We once summoned their coming to Africa and indeed they finally came! As for Vodafone, I am now going to describe it not only as a telecom, but one that has gone against the status quo (that is MTN, Airtel & Africell) to bring us some of the most affordable 4G LTE smartphones on the Ugandan market. First it was the Lenovo K3 Note and they’ve done it again with the Xiaomi Redmi Note 3.
Xiaomi is well known to sell its handsets mostly through flash sales at razor thin margins and only capitalize on services they sell over the purchased device. It’s in this regard that they’ve become a behemoth in their own right and are giving the likes of Apple and Samsung a run for their money especially in emerging market. Their presence on the African continent hasn’t been received with so much fanfare as elsewhere, at least for now.
Them leveraging the power of the internet while bypassing offline channels to sell their devices cheaply might explain this mess here in Africa, where e-commerce is just taking off, curtailed by poor logistical support, low internet penetration and smartphone adoption numbers.
This to some extent is set to differ here in Uganda courtesy of Vodafone Uganda, that is carrying an unlocked global version (with Google services) of the Xiaomi Redmi Note 3 on their network and selling it at an enticing price of just UGX 700,000 in all their stores. We spent an entire week with a gold accentuated version of the Redmi Note 3 of 16GB ROM + 2GB of RAM and today we bring you its review.
In the box
Packaging is nowhere near fancy. It is minimalistic with just the phone, a travel adapter and a USB cable besides the manuals and a pin to help one pluck out the dual sim tray.
And the slab itself ?
Call them specs if you like but the Redmi Note 3 isn’t shy of challenging many mid-range smartphones on the Ugandan market when it comes to the spec race for the price. But as the saying goes—not all that glitters is gold, the Redmi Note 3 didn’t come without its cons so keep going.
- CPU: Qualcomm Snapdragon 650 Hexa-Core 1.8GHz
- Display: 5.5-inch 1920×1080 FHD IPS display
- Camera: 16MP rear camera with PDAF,5MP front
- Battery: 4000mAh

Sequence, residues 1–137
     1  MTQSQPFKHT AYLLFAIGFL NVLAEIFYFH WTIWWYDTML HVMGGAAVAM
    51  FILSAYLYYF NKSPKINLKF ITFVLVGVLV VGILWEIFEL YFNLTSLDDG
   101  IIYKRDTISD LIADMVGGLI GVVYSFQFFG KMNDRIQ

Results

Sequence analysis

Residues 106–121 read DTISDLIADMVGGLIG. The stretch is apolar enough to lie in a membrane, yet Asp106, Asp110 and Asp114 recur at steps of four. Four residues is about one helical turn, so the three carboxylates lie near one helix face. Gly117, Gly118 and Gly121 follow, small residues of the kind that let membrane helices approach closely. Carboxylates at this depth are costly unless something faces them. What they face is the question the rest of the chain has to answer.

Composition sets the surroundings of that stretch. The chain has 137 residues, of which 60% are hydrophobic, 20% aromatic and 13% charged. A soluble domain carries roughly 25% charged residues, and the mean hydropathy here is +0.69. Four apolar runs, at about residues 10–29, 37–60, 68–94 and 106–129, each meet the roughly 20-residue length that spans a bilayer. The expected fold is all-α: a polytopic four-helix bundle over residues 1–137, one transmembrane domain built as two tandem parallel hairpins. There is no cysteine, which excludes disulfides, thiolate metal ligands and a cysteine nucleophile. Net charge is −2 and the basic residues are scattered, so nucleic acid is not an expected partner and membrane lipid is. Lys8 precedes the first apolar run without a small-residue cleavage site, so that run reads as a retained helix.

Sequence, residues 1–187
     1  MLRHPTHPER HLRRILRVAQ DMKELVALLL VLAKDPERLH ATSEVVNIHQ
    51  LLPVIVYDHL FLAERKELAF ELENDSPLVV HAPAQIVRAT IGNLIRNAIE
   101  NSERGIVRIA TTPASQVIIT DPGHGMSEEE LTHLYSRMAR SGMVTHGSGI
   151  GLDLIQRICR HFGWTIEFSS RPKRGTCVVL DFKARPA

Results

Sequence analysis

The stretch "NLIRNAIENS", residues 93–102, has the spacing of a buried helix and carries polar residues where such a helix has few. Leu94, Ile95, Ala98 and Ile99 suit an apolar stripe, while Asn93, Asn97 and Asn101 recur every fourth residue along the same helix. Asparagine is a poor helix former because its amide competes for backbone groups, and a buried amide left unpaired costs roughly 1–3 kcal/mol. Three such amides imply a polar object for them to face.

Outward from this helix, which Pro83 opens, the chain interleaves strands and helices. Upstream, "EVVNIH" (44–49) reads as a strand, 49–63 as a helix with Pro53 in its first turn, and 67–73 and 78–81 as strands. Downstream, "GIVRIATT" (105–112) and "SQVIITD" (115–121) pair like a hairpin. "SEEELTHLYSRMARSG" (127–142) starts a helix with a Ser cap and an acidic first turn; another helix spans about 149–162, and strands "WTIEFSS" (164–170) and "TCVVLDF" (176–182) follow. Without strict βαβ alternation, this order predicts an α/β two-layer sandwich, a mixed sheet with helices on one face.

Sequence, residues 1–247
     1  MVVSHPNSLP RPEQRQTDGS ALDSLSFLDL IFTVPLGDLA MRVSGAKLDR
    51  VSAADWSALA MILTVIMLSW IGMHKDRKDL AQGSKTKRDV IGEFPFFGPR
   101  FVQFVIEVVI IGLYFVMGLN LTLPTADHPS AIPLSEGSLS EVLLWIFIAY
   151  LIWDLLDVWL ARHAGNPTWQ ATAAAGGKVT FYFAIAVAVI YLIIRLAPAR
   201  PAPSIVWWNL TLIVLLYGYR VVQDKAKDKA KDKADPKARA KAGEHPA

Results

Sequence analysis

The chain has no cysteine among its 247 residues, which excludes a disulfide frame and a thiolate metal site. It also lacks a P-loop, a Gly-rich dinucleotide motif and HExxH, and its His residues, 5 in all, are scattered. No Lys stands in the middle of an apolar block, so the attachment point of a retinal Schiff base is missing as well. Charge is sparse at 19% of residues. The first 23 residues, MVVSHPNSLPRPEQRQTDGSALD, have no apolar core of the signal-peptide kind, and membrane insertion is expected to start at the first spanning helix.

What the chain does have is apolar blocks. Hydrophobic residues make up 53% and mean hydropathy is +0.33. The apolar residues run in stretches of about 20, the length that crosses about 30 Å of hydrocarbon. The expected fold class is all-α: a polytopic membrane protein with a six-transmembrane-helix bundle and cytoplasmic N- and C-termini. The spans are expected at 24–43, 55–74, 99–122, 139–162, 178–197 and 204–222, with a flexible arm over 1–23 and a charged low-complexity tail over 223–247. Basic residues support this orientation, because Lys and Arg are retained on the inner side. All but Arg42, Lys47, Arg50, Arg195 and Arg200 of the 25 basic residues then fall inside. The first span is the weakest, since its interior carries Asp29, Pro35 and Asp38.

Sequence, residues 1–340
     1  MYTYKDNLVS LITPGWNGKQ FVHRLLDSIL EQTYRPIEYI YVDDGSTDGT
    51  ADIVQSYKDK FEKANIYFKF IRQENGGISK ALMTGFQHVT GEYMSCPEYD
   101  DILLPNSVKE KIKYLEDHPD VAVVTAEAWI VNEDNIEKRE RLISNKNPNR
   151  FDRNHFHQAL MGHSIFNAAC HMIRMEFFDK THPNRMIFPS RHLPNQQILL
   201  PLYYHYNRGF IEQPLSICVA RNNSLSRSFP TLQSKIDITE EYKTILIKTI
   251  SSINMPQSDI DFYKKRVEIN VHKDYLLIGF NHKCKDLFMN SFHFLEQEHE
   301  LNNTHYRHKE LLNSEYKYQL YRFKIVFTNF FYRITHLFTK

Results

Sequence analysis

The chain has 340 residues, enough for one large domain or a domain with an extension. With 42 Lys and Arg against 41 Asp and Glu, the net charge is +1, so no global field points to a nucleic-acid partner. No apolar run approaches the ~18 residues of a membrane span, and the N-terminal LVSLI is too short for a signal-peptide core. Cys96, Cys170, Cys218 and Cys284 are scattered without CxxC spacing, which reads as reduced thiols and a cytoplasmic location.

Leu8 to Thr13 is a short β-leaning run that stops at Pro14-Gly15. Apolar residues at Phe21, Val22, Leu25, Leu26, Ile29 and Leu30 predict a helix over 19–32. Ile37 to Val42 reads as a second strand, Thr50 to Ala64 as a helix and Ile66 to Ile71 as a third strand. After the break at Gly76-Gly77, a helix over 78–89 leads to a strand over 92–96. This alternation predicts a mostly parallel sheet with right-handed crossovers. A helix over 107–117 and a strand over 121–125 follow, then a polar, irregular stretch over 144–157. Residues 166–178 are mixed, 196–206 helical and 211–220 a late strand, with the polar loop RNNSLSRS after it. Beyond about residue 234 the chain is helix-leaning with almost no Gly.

- OS: MIUI 7 based on Android 5.1 Lollipop
- Connectivity: FDD-LTE/TDD-LTE, WCDMA/TD-SCDMA, GSM
Design and Hardware
The Redmi Note carries with it a premium metallic unibody build with a silver metal trim at the edges that separates the glass front from the rest of the body. Well the design won’t give you awes aesthetically but packs all the power the Note 3 dispenses.
Edges are curved that gives it a fine grip making the Redmi Note 3 comfortable to hold in the hand. The 16MP rear camera takes a back seat with dual LED flash just below it together with the fingerprint scanner. This makes it easier for one to use the index finger to tap the scanner either to unlock the phone or authorize payments where due. It actually worked pretty fast.
The Mi branding is encased in the back at the bottom just above the stereo speakers. The glass front bears the 5MP front facing camera, the 5.5Inch 1080p panel and the control buttons at the bottom. The dual sim tray (Nano & Micro),that doubles as the MicroSD card port is at the left while the volume rockers and the power button below them are on the right.
As for the peripherals/accessory ports, the 3.5mm headphone jack is at the top with an IR blaster besides it while the USB port is down. For the whole time I carried the Redmi Note 3, it was easily mistaken for an iPhone 6 Plus except for the fact that it appears thicker and heavier at 164g and does away with Apple’s iconic round home button for Xiaomi’s custom Android recents/menu, home and back buttons.
Now you understand where some of the design cues came from and not just the hardware but the software too.
Whoever coined the word phablet should allow me employ it here since the Redmi Note has a startling 5.5Inch Display. It measures 1920×1080 in resolution with a 480dpi, bright enough even for outdoor usage. This makes it vivid to look at with good viewing angles though at one time I questioned its color accuracy owing to the fact that whites sometimes appeared as blues on my review unit.